Eight or so game acquaintances follow me into the bunker-like Miller Lecture Hall. We descend the staircase of the raised seating. They sit down. I go over to the front of the room, turn on the computer, lower the movie screen, and start delivering an unasked-for lecture. A crash course about Chasidim. I show them the proper attire. I show them videos of Lipa, a singer, banned when he started making songs that didn’t use lines from the bible. We would spit on him in the street. We were right to be suspicious. He headed down the slippery slope of making music videos, performing in a crowd where the women were visible to men, and included English words into his lyrics (!). I show them a video of the Leader’s twenty-year-old daughter in a stadium, surrounded by more than a thousand men, while her father prances forward and back,  dangling a rope. I teach them more. I field questions.


I hate my physicalized existence. I started hormone replacement therapy on June 6th, but I haven’t officially come out yet. My body still does not read female in my eyes. Not bothering to dress up what I despise I go around wearing the paint smeared clothing from my summer job. My disgust for my body does not lessen my desire to be touched, held, and fucked. What it does is melodramatically paralyze me in a basement bathroom of the Heimbold Visual Arts Center. I message Jaelynn, my classmate who lives across the hall, with who I watch movies sitting in a classroom on displaced van seats. “I really like you…” Jaelynn leaves their room and sits with me in the bathroom. They say they like me too, but they are in a tough spot, and don’t know if they can be in a relationship. A day or so later we go on an embarrassing Let’s See If This Can Work walk around Bronxville. Affection, having not grown up with it, is a foreign concept. I feel awkward in my male persona and my cluelessness. I’ve placed too much of a burden on Jaelynn. In addition to teaching me the mechanics of sex I need them to show me how one opens their body for another. They relieve us both from our misery when they message me saying that it isn’t going to work.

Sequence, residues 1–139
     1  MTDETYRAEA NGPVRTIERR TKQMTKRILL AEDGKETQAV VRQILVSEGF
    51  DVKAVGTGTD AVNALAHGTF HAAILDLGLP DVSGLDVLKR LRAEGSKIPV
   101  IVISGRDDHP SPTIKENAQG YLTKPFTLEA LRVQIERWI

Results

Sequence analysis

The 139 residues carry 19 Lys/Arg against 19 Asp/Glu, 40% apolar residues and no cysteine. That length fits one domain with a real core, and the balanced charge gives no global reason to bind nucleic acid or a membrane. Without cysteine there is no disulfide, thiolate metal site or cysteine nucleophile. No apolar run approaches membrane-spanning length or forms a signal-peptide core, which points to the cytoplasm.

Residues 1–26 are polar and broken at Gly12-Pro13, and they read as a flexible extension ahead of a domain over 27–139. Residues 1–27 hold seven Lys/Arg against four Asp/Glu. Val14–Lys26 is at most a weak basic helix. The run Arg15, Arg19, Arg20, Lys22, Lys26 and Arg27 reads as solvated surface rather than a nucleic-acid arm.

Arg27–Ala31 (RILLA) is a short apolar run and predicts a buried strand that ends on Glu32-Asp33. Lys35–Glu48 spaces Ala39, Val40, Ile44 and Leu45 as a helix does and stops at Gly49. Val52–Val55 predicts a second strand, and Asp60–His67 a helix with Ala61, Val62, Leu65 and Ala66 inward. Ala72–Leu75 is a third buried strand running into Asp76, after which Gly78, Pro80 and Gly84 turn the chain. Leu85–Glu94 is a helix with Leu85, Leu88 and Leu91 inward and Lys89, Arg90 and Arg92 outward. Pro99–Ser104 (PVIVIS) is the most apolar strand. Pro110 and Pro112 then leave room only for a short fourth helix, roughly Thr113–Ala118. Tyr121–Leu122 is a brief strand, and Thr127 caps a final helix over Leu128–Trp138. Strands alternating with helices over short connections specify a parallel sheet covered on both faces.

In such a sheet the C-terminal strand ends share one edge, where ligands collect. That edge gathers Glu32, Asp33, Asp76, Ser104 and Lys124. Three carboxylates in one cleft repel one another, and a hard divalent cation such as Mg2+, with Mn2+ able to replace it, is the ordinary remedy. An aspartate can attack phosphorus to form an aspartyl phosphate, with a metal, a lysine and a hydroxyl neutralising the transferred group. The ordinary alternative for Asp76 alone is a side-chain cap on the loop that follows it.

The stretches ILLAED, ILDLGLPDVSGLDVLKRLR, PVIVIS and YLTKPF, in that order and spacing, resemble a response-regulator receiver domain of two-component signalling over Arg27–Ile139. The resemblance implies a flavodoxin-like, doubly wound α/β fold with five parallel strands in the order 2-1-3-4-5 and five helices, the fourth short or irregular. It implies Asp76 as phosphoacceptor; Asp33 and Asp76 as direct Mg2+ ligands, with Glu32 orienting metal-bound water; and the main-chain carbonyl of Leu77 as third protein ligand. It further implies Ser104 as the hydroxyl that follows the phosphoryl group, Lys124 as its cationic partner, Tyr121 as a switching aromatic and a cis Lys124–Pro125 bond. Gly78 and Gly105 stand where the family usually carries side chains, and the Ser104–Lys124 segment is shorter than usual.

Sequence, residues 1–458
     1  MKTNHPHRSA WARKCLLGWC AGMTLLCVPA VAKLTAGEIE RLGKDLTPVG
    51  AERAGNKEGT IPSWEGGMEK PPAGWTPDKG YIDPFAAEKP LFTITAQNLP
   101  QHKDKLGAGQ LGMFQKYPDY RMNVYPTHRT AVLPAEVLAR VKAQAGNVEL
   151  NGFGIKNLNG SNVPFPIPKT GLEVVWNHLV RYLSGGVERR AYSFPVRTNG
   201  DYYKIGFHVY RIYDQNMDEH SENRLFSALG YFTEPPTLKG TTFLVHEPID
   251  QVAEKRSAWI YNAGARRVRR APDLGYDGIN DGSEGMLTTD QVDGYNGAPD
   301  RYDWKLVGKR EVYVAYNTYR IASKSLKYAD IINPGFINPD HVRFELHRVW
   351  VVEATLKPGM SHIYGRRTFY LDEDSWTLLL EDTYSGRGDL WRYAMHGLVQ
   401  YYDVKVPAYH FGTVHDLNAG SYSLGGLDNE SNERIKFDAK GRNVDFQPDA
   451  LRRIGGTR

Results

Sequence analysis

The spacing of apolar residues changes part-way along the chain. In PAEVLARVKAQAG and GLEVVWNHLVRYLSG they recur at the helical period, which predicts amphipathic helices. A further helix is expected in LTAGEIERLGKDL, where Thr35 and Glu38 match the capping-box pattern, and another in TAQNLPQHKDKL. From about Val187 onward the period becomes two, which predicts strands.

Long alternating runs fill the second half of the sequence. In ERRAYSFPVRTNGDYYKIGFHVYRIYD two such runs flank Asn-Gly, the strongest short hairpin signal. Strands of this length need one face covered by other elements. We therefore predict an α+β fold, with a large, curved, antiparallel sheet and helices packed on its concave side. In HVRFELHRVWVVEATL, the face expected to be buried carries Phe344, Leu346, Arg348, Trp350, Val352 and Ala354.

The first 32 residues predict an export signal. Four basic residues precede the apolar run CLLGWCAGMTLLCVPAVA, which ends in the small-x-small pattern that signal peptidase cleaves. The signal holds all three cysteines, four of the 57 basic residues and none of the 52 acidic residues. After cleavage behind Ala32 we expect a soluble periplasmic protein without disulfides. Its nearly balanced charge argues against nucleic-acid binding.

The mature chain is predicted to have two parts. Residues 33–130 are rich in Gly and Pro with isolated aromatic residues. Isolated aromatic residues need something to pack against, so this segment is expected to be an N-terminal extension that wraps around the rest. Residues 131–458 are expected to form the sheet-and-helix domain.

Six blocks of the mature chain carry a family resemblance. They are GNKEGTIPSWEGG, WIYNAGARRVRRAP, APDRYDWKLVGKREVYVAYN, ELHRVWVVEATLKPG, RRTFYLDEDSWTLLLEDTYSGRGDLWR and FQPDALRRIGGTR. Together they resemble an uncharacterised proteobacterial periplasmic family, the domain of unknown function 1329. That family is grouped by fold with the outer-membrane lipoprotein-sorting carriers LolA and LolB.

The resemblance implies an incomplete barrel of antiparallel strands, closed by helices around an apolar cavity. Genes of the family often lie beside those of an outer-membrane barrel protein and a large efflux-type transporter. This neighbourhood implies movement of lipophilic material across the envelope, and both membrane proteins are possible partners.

Later in a session with Sue, she wonders aloud if she should hire me a hooker.


Stepping outside of my room is like hearing a choir shout: “You are not one of us.” In my room, occasionally, when my roommate is out, I will lie down on my bed, turn Sue’s old laptop on its side, go on incognito mode, and go to Pornhub. I will take my too-thin blue blanket and shove it down my underwear and press play. “I have to pee; I really have to pee… oh my god!” Streams of darkened denim form on jeans as a puddle of yellow appears. Eventually as Pee Desperation, loses its flavor I will move on to Poop in Diaper then Diaper Babies. I will writhe back and forth, my skin getting sticky and gross from sweat. Eventually, an echo of sensation will kick in and twenty seconds later my penis will act like it’s a volcano for two short seconds and then it will be over. Semen will not come out. Thank God.

I don’t enjoy it. I mean, I do, but in the way you enjoy pain. When you pick at a scab, pop a puss pimple, or press a blade across your underarm, pouring blood. The arousal comes from the reduction of my pelvis and its inhabitants to their most rudimentary functions. Removing it from the desires that have caused me nothing but pain.


Thursday, Oct, 12,2017

I wait for the bus on the green mesh bench. I am dressed in Nasty Gal and Forever 21 clothing. I officially came out a bit more than a month ago, and I still haven’t figured out how thoroughly I need to brush my hair. A silver Nissan Altima pulls up. Supposedly the bus is still a while away. Alex, the Altima driver, says he is a bus driver himself, and is going the bus’s route on his way to work. Wanting the dangerous reality of female youth, I get in the car. We talk about his job and my college life. He puts on Brazilian music and I shimmy in my seat. He asks for my number. I hem and haw. I tell him I’m trans. He doesn’t seem surprised; I’m disappointed. He shakes my hand, runs his against my throat. I point out that we passed my stop, the 2 train. He replies, “Oh I’m just going to take you to the train,” and drives on. He backs out of one street because there is a garbage truck, he proceeds down another. I wonder when and how I should be jumping out of the car. He tells me that with a few more months on hormones I’ll look amazing. For some unknown reason--perhaps because I tell him I’m interested in those that aren't men--he halts the kidnapping and drives me back to the train. I wonder if I’m not attractive enough. On the way back, he tells me about the two trans “girls” he dated. When we get back to the train, I thank him very much. Once I’m on the train I wish he forced his tongue down my throat because I have no clue what the inside of someone’s mouth tastes like.   


image: Sarah Lawrence College